The purpose of Christian leadership is to, by grace, participate with God in the reconciling and transforming of humankind, so that holy people may be equipped for a Christ-like ministry of service to others as they fulfill their vocational responsibility. A holiness lifestyle focuses on the progressive transformation of the Christian toward the character, values, motives, attitudes, and understanding of God Himself (Ephesians 4:13).
The primary method of teaching and leading for transformation, I believe, is modeling or “exampling.” Our challenge is to intentionally nurture those whom we lead for mission and ministry accomplishment in the midst of their family, their work, and their many other commitments.
How do we determine if we have succeeded in our teaching and leadership assignment to prepare others for their ministry and mission? What definition of success did Jesus use?
In general terms, we begin to answer the questions when we understand ourselves as servants—motivating, equipping, and enabling others to serve in Jesus’ name. We want those for whom we are responsible to see in us a servant spirit committed to motivating, equipping, and enabling them to serve others in Jesus’ name. The ministry of equipping others to serve others in the name of Jesus (Ephesians 4:12b-13) is paramount for the leader.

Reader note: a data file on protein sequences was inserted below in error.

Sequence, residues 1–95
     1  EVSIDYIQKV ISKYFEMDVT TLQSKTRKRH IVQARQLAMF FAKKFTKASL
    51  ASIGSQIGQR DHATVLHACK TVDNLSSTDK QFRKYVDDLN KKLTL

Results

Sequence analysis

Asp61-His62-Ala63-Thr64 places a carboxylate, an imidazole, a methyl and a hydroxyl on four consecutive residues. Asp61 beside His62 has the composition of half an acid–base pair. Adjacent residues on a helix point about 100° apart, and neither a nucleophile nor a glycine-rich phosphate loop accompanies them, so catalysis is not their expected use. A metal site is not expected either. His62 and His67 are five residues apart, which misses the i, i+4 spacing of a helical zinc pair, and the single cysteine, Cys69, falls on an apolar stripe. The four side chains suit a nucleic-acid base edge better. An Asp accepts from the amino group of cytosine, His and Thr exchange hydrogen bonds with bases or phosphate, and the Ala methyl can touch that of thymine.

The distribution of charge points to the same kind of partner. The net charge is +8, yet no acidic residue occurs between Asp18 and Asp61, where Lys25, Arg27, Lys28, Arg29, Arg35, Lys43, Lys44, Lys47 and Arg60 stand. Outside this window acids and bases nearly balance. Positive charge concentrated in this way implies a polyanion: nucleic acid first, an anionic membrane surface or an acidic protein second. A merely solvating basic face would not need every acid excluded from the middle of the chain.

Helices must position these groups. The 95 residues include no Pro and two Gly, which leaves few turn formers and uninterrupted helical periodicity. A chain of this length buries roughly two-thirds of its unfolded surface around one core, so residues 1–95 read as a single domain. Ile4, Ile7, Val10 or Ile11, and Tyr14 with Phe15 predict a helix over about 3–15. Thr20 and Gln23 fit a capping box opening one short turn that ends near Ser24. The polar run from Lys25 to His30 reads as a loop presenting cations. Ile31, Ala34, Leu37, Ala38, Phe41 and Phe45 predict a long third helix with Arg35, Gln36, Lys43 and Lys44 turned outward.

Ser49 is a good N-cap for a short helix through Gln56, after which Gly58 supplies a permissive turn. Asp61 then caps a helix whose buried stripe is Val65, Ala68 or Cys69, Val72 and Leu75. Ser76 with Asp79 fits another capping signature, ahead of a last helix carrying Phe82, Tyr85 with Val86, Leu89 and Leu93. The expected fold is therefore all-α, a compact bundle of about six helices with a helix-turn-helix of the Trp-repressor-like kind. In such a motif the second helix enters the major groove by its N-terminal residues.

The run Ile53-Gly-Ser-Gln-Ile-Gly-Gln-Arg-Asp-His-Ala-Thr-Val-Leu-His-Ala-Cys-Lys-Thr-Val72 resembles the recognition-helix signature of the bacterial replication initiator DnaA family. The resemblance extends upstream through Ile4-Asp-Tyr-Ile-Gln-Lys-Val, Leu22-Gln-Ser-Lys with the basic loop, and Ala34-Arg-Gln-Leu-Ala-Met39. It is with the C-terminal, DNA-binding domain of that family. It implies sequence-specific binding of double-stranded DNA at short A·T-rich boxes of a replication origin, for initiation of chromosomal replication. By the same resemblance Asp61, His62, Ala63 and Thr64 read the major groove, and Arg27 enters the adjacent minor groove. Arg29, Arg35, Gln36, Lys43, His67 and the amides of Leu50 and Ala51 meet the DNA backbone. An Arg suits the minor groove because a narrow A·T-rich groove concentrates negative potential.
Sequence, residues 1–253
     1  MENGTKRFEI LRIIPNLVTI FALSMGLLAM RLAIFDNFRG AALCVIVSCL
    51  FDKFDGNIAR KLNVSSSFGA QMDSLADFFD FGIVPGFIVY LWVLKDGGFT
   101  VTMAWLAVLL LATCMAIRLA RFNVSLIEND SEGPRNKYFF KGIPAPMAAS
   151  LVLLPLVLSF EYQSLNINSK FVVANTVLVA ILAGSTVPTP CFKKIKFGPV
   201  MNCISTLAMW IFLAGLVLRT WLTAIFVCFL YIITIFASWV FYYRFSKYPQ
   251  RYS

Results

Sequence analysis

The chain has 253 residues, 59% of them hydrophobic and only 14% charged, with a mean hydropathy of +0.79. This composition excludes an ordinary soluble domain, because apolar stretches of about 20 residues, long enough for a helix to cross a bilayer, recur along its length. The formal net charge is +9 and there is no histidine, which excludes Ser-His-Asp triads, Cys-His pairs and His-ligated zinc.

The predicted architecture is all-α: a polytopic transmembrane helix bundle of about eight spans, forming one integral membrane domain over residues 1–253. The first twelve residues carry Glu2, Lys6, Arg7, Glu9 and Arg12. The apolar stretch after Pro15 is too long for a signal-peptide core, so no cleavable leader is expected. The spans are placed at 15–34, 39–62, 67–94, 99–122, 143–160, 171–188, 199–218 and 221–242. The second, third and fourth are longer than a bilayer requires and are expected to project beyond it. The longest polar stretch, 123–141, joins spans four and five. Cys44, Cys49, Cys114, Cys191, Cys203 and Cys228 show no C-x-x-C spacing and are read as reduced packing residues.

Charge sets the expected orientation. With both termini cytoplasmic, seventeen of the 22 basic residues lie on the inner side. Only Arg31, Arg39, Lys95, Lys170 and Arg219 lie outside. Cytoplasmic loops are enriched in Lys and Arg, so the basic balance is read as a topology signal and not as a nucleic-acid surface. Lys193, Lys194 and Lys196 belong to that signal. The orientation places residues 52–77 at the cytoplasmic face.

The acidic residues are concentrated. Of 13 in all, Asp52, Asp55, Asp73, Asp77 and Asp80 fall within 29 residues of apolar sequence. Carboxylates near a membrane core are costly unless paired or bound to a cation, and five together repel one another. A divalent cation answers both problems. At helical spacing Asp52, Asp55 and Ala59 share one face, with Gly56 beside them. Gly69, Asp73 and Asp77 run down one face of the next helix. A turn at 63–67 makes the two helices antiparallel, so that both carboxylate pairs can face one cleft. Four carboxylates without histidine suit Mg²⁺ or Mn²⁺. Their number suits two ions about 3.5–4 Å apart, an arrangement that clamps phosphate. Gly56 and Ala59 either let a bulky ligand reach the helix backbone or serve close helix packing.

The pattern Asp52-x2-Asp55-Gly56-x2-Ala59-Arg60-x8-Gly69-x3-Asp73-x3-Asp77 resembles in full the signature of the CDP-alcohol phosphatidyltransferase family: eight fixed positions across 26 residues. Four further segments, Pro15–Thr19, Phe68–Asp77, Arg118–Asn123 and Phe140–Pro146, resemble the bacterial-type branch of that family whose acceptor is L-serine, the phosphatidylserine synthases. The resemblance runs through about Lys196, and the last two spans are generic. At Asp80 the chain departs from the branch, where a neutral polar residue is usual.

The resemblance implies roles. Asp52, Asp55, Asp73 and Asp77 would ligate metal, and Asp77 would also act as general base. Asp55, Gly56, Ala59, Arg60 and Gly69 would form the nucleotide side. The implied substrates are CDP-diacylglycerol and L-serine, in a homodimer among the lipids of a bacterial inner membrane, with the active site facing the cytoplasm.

Equipping those for whom we are responsible (Ephesians 4:12) means that we prepare others to reproduce themselves in the work to which they are called (see also II Timothy 2:2). We equip them in such a way that the students will be like their teachers, pastors, professors, or mentors. The crucial concern is for every believer to participate in the ministry of reconciliation as God has gifted, called, and “stationed” her or him.
As a leader, how do you teach this lifestyle? You teach a servant lifestyle through the principle of imitation. Luke 6:40 challenges us: “…When a student is fully trained he will become like his teacher.” Modeling the message suggests that teachers and leaders create a learning environment that exhibits in practice what is said in word. “Exampling” implies an emotional closeness between the leader and the led within the body of Christ. Reflect on Paul’s admonitions:
- “Follow me as I follow Christ” I Corinthians. 11:1).
- “You ought to follow my example” (II Thessalonians 3:7).
- “Put into practice what you have learned, received or heard from me or seen in me…” (Philippians 4:9).
- “We did this in order to make ourselves a model for you to follow” (II Thessalonians 3:9).
He gave gifts…to some…to guide and teach his people…so that Christians might be properly equipped for their service….That the body might be built up…until we arrive at real maturity…. (Therefore) we are meant to speak the truth in love, and to grow up in every way unto Christ, the head.
The Ephesians passage helps us in answering our primary concern: How can we teach and lead so that the Christian faith is experienced not as “intellectual belief” to be known but as a life to be lived and shared? We can teach others to know, but how do we teach them to live a Christian lifestyle and to lead Christianly? The answers to these and other related questions come when we more clearly understand our task to be “the equipping of believers”; the goal of our work to be “service or ministry through believers”; and the method to be “modeling or an emotional closeness between the leader and the led within the body of Christ.”
This blogpost is a continuation from the December 2015 post. I welcome your comments.